The Rule of Thirds – There are two lines horizontally and two lines vertically
If you divide a view up with two lines vertically and two lines horizontally and equally spaced, you get nine equal rectangles. This will help you to decide how to frame a picture.
To remember that "the rule of thirds" is two lines horizontal and two lines vertical, use the following mnemonic:
There was an Englishman, an Irishman and a Scotsman... "Where is the Irishman?" asked the Englishman. "We are only allowed two," said the Scotsman.
Now your view is divided into nine equal rectangles we can discuss composition of pictures.
Note how there are four intersections.
Whether you are painting or taking photographs, the rule of thirds can be considered or rejected (because rules can be broken) but it is always a great starting point for many compositions.
The rule of thirds states that:
The most important element should be placed at one of the intersections of the two horizontal and two vertical lines, as below.
If the sky is more interesting than the foreground, like a beautiful sunset, you should position the horizon on the bottom line.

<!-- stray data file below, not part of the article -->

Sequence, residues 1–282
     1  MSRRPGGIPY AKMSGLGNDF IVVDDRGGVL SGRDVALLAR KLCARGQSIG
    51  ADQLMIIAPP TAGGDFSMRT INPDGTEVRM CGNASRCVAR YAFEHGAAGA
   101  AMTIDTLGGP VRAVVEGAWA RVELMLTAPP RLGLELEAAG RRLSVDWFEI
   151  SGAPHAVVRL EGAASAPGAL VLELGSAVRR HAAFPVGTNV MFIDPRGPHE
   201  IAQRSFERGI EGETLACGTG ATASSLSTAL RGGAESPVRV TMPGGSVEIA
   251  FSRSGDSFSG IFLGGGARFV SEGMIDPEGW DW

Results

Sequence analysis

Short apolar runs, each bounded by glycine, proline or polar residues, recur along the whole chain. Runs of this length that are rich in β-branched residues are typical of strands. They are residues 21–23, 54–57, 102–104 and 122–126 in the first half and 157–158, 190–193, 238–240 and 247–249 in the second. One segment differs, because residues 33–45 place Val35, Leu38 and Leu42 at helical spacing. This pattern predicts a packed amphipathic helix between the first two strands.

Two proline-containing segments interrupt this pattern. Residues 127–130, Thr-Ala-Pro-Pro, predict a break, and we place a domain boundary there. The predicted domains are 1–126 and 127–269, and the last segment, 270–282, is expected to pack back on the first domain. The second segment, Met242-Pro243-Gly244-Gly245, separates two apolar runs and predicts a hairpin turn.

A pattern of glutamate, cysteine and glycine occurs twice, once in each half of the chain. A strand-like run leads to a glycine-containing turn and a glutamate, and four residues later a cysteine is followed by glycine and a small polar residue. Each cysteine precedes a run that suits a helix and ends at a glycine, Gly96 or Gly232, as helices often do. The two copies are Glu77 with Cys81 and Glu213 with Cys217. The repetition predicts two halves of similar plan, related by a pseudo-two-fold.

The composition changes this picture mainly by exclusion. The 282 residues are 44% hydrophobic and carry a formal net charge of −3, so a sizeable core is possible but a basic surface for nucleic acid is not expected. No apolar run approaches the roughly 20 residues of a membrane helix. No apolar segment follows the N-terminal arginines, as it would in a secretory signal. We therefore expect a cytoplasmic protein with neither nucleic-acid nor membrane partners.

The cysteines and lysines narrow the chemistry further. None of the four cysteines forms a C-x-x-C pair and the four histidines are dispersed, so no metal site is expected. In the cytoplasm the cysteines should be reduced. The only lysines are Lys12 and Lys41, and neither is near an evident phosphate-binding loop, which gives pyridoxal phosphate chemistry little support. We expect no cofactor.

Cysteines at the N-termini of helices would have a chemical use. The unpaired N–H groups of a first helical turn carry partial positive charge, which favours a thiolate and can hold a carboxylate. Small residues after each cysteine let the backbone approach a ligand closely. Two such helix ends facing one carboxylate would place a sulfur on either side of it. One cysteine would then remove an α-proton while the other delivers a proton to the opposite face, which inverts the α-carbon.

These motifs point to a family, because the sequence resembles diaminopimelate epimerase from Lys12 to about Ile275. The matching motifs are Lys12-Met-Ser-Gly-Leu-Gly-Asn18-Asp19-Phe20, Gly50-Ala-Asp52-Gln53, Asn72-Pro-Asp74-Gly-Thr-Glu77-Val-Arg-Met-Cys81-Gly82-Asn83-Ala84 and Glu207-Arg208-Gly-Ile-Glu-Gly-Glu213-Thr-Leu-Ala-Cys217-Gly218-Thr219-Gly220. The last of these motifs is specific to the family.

If the landscape is more interesting than the sky then place the horizon line on the top line.
If you are painting people or animals, draw the eyes along one of the horizontal lines, either side of a vertical line.
If your person or animal is moving, place them along a vertical line, making the biggest space the one they are moving into.
Even if the object for painting or photographing is small, like a flower, place the centre of the flower at one of these four intersects.
Even for a close up portrait you can still put the eyes at the centre of the top two intersections.
If you have three subjects that demand attention, you can give each one a third of the space.